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NZTA to roll out 41 EVs

The New Zealand Transport Agency is looking to add 41 electric vehicles, EVs to its current fleet and are seeking more information regarding the implementation of EV infrastructure.

In a request for information notice, the NZTA is ideally looking for a fleet charging solution that would “enable staff to confidently move to and from NZTA locations in fully electric vehicles.” The request also covers the need for information about providing, installing, operating and maintaining charging stations. 

The New Zealand Transport Agency’s decision to look at boosting its electric vehicle fleet and invest in charging infrastructure has been welcomed by Drive Electric.

Drive Electric Chairman, Mark Gilbert

Drive Electric, a not-for-profit group, which promotes the benefits of EV technology in New Zealand, congratulates NZTA on the move.

“NZTA’s proposal to add 41 EVs to its fleet in 2018 shows it is leading from the front in adopting technology that will eventually dominate the automotive sector in just a few years,” Drive Electric chairman Mark Gilbert says.

“With the Labour-New Zealand First government looking to the public sector to adopt EV technology as part of its coalition agreement, NZTA is getting on the wave early.”

Having the agency which is responsible for maintenance of New Zealand’s highways support EVs in this manner has the potential to drive up public interest, Gilbert says.

NZTA’s intention to invest in its own charging infrastructure to support the EV fleet is also a positive sign, Gilbert says.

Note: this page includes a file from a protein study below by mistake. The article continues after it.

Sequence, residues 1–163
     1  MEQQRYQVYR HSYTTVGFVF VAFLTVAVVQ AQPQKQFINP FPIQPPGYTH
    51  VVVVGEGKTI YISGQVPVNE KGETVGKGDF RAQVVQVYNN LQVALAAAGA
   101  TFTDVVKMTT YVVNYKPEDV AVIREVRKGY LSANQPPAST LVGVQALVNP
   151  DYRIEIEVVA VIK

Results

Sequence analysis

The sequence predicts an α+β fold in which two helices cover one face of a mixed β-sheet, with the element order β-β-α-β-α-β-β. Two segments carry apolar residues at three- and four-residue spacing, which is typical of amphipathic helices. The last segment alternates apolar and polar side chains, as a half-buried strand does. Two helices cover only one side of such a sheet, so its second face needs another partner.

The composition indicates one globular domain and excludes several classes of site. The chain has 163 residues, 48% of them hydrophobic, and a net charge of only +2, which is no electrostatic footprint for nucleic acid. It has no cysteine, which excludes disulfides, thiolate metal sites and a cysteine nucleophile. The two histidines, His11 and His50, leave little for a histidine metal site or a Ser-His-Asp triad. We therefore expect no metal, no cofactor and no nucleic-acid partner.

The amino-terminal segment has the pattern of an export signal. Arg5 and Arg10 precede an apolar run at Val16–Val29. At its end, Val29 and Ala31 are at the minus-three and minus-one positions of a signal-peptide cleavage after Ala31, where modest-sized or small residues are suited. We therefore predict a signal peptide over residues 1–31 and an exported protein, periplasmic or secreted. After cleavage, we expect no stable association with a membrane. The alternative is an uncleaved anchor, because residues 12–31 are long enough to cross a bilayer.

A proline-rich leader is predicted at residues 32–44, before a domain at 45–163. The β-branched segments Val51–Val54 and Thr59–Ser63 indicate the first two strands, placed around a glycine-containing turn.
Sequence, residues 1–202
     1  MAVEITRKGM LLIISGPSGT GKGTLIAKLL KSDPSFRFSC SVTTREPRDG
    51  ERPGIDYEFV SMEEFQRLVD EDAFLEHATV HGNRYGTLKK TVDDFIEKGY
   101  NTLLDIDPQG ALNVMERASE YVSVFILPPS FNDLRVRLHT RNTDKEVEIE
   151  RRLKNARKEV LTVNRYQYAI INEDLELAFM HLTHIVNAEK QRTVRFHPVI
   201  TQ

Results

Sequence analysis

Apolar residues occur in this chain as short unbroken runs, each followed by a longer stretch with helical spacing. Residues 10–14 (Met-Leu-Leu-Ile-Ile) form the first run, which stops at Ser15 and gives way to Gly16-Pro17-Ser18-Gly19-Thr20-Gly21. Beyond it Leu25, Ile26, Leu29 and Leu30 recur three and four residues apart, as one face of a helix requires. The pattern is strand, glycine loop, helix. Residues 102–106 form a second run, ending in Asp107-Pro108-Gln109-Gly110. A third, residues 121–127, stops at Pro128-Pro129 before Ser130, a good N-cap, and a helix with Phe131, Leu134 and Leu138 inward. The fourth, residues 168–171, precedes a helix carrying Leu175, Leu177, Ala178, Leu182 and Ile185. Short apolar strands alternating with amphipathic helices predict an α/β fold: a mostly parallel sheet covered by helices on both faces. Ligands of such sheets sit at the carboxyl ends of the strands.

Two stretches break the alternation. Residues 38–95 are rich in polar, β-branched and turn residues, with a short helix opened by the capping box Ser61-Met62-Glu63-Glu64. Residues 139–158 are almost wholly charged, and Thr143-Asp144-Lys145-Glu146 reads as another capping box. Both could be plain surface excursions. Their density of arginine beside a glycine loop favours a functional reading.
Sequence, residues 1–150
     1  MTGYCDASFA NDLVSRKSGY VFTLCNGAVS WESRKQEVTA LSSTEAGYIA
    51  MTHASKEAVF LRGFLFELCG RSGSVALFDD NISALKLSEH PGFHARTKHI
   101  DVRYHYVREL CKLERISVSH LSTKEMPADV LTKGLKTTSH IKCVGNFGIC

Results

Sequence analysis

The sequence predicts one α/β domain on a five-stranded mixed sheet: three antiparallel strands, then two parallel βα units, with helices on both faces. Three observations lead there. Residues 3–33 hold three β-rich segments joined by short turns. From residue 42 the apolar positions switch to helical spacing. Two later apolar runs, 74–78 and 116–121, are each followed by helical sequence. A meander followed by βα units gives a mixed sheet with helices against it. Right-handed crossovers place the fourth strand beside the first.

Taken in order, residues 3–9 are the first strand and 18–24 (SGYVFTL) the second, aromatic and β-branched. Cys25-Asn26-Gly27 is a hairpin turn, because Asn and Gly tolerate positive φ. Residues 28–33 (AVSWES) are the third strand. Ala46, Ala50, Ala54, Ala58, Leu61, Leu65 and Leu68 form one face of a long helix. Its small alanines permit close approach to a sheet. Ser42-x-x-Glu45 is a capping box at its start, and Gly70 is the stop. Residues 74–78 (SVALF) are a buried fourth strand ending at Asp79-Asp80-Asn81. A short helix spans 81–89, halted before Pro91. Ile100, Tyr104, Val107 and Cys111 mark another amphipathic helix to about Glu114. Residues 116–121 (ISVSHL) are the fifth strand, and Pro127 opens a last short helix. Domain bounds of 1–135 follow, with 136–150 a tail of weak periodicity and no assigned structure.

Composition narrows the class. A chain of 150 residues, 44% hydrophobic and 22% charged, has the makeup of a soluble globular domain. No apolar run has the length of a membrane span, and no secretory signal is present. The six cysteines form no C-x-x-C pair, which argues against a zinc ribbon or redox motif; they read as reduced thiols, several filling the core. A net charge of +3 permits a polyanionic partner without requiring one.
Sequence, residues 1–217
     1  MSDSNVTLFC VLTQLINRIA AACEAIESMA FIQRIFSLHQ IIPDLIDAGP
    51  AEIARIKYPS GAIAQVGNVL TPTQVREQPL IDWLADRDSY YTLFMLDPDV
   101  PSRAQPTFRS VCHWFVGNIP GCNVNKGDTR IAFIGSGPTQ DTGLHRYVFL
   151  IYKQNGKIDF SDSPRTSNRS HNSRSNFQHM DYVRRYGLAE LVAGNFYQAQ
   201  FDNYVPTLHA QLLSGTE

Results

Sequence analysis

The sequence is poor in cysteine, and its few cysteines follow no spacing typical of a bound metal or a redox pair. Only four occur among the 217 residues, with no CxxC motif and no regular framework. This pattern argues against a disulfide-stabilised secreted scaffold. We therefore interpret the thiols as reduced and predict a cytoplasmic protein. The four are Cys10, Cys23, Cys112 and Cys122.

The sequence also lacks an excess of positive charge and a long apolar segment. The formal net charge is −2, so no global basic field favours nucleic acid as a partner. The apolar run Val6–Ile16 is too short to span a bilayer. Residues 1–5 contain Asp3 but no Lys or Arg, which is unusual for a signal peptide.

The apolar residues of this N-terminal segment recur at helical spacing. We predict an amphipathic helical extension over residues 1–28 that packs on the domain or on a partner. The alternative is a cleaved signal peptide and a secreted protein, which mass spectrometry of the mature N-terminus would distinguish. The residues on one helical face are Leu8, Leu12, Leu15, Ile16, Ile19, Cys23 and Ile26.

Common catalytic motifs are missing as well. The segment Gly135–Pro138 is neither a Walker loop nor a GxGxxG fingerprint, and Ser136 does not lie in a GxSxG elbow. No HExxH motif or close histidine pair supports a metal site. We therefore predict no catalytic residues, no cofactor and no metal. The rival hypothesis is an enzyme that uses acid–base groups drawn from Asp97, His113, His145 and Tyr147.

“Looking into this type of investment shows the organisation is serious about using EVs in the long-term and wants to make it easy for staff to drive the vehicles. It is a signal we hope other government agencies will pick up on.”

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Charging stations increase

New research from Drive Electric shows the development of electric vehicle (EV) charging infrastructure has reached a pivotal point in New Zealand.

“Many councils are developing charging stations in their areas for the benefit of the community,” Eric Pellicer, who is the commercial manager at Powerco and drive electric board member says.

“For example Wellington City Council has announced plans to convert up to 100 car parking spaces for the exclusive use of car-sharing and electric vehicles.”

The research is published in the organisation’s whitepaper, Charging Ahead: New Zealand’s EV Charging Infrastructure states and was sponsored by ChargeNet and ABB. It includes research put together from round table discussions held by Drive Electric’s board and members.

ABB national sales manager Kumail Rashid, who contributed to the white paper, notes it is important to tackle some of the challenges on the horizon. Rashid says New Zealand can meet those challenges head on by learning from overseas countries and adapting those situations to suit our own conditions.

“We’ve learnt from different countries’ experiences that it’s not just about getting more chargers and more sites, but also more chargers per site,” says Rashid.

“It is about future proofing, because you don’t want to have to be waiting 15 minutes for someone else to charge.”

Making sure different types of EVs can use the same charger is another important issue that has to be addressed, he says.

Pellicer hopes the white paper will have an influence in several different areas.

“We hope it will get some discussion going amongst those interested in the topic, but it will also be used to influence those who make policy decisions.”

The organisation will release more white papers about issues involving EVs in the coming months, Pellicer says.

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